The Sittingbourne and Kemsley is a railway I'd been keen to visit for a long time, so we took the opportunity on the way back from our weekend in Kent. It doesn't start very promising, the car pack is stuck between a fast food restaurant and a retail park, and the station is approached under a dilapidated viaduct and round the back of a car wash. To add to the "atmosphere" there was an overflowing sewer!
The station itself is "basic", with overgrown sidings full of rusting wagons, the platform is made from very old sleepers, and the ticket office is a garden shed. Not quite the "atmosphere" some preserved lines try to create, though it is true to the industrial origins of the line so is perhaps more genuine! At least it looks like the "main" line is receiving maintenance, albeit with ballast sourced from a fish-tank...
Things improve when the train arrives though. The Kerr-Stuart loco "Leader" is beautifully kept, as are the coaches made from converted wagons.
The route sets off over the famous concrete viaduct, and though somewhat industrial surroundings, then moves into a more rural area before ending at Kemsley Down.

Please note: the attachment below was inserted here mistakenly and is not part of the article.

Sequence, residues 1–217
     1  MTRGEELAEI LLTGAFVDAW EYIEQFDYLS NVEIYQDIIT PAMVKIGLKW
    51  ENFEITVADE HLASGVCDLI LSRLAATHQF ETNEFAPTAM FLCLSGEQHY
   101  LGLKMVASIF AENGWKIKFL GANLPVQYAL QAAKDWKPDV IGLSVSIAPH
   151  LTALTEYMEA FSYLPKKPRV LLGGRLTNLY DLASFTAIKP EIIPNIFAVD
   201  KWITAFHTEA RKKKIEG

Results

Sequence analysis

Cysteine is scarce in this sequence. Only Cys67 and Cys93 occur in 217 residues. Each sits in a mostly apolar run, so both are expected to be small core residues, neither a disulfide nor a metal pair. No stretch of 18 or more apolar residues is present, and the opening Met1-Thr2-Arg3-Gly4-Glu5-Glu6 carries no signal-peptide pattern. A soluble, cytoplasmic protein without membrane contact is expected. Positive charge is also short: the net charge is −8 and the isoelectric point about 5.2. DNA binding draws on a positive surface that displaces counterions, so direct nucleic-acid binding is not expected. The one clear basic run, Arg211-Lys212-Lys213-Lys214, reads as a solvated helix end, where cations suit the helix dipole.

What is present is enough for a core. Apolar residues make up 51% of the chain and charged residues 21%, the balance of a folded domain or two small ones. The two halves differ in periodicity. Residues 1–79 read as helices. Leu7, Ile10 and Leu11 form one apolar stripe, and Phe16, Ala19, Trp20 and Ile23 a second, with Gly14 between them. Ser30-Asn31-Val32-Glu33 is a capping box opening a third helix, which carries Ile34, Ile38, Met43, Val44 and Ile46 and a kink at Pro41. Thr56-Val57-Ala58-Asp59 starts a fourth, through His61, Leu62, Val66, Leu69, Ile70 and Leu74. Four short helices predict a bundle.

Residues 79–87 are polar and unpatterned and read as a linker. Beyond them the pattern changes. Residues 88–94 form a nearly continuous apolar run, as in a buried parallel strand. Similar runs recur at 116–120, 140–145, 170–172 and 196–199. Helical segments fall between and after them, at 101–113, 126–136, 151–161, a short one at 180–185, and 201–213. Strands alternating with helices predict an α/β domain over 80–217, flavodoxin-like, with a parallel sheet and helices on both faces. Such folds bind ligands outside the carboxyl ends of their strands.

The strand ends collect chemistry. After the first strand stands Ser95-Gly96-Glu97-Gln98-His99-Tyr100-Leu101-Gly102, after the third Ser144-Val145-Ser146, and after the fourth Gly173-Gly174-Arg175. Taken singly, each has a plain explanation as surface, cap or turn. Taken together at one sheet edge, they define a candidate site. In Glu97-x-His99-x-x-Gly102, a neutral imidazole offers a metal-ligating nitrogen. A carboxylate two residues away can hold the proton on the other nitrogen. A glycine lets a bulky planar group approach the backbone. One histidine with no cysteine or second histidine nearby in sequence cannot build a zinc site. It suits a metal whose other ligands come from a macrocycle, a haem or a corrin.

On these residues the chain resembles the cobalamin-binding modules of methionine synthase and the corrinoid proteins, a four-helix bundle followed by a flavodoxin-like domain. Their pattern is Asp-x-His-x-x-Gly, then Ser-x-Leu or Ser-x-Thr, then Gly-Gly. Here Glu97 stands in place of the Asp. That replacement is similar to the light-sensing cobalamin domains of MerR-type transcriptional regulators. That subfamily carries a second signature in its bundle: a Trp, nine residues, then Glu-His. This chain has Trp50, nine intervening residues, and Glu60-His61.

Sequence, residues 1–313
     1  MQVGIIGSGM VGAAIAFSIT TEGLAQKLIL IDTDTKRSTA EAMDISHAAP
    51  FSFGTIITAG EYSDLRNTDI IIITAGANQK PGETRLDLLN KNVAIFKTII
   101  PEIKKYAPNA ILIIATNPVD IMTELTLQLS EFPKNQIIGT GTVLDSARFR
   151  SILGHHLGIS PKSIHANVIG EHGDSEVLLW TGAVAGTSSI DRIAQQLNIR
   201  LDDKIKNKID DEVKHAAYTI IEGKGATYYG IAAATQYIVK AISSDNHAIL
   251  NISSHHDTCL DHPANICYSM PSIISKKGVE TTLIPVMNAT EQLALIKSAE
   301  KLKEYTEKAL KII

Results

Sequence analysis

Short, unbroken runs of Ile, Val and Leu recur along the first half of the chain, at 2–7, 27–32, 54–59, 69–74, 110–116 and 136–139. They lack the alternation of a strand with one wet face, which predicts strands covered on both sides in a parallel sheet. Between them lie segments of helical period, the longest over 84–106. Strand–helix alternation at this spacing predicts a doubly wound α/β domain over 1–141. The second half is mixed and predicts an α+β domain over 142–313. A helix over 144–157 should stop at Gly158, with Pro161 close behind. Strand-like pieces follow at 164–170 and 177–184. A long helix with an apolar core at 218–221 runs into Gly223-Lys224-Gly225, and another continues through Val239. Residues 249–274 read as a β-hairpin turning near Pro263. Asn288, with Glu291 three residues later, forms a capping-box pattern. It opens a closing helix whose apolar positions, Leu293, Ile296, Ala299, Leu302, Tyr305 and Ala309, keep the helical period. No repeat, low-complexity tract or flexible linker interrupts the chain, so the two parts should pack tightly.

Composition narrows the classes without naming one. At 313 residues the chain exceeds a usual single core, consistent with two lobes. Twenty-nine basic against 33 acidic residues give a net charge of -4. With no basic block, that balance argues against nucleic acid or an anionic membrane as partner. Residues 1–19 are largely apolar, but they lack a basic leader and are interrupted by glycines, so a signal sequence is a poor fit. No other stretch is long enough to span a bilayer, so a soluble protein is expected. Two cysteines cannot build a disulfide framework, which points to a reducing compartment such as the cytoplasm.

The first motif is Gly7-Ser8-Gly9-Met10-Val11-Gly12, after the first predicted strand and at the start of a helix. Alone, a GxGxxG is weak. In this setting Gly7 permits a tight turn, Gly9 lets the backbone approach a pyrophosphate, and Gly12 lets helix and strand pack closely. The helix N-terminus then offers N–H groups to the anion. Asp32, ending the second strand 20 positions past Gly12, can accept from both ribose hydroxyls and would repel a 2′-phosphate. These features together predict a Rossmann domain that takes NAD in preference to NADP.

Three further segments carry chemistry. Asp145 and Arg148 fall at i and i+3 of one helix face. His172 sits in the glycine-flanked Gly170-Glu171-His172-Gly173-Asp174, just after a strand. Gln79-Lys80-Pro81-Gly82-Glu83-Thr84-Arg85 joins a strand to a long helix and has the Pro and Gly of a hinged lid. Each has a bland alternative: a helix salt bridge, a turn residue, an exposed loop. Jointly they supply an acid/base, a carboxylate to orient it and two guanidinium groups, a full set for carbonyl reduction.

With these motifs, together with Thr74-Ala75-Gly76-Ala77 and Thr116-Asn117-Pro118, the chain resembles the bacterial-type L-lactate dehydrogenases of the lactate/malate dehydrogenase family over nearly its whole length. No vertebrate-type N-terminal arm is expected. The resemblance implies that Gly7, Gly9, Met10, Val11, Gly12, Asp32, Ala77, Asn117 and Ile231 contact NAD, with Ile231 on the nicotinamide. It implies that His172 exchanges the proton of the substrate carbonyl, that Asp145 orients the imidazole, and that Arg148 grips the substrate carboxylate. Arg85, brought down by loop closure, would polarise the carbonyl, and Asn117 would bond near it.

There's no public access here as it is still inside the grounds of the paper mill which the line was built to serve, but there are engine sheds and workshops full of interesting things - most of the locos are original to the line, though a few small diesels have been added. It looks like a lot is being achieved, and other than some heavy overhauls everything appeared in good shape.
The atmosphere is nice and relaxed here, with simple rope barriers to separate public from machinery, but otherwise there is a lot of freedom to look around. A small gift shop, cafe and picnic area mean it would be worth hanging around and waiting for the next train, but we didn't have time.
So a short but enjoyable visit to a line full of character, even if it doesn't fit the mould!
You can see the full set of photos from both lines here.